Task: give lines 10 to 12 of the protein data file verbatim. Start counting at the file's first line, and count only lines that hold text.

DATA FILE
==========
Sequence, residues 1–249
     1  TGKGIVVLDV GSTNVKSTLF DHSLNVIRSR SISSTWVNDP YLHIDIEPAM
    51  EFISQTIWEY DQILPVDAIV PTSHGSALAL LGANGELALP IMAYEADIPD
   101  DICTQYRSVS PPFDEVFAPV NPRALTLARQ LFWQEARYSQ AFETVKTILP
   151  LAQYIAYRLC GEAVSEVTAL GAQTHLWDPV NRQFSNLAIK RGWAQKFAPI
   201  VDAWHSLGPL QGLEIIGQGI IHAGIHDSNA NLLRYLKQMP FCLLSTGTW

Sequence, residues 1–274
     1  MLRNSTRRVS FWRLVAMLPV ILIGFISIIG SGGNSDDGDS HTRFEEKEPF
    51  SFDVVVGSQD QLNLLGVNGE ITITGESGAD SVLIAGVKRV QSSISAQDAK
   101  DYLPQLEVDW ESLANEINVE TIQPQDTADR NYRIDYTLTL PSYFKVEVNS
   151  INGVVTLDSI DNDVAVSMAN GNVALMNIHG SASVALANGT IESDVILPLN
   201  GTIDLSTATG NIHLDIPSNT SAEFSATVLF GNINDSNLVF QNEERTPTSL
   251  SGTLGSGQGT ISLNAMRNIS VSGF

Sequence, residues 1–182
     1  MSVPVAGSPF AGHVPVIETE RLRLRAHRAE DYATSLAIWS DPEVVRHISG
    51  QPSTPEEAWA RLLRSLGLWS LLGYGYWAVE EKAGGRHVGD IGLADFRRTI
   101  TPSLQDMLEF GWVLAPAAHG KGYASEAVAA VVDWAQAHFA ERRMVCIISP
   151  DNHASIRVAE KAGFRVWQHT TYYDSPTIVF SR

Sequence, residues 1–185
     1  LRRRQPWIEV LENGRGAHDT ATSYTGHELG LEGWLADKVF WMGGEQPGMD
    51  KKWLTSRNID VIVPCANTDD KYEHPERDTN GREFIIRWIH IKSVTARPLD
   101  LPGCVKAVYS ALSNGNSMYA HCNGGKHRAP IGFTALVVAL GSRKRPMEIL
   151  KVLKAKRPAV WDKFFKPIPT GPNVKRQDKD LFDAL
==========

   101  DYLPQLEVDW ESLANEINVE TIQPQDTADR NYRIDYTLTL PSYFKVEVNS
   151  INGVVTLDSI DNDVAVSMAN GNVALMNIHG SASVALANGT IESDVILPLN
   201  GTIDLSTATG NIHLDIPSNT SAEFSATVLF GNINDSNLVF QNEERTPTSL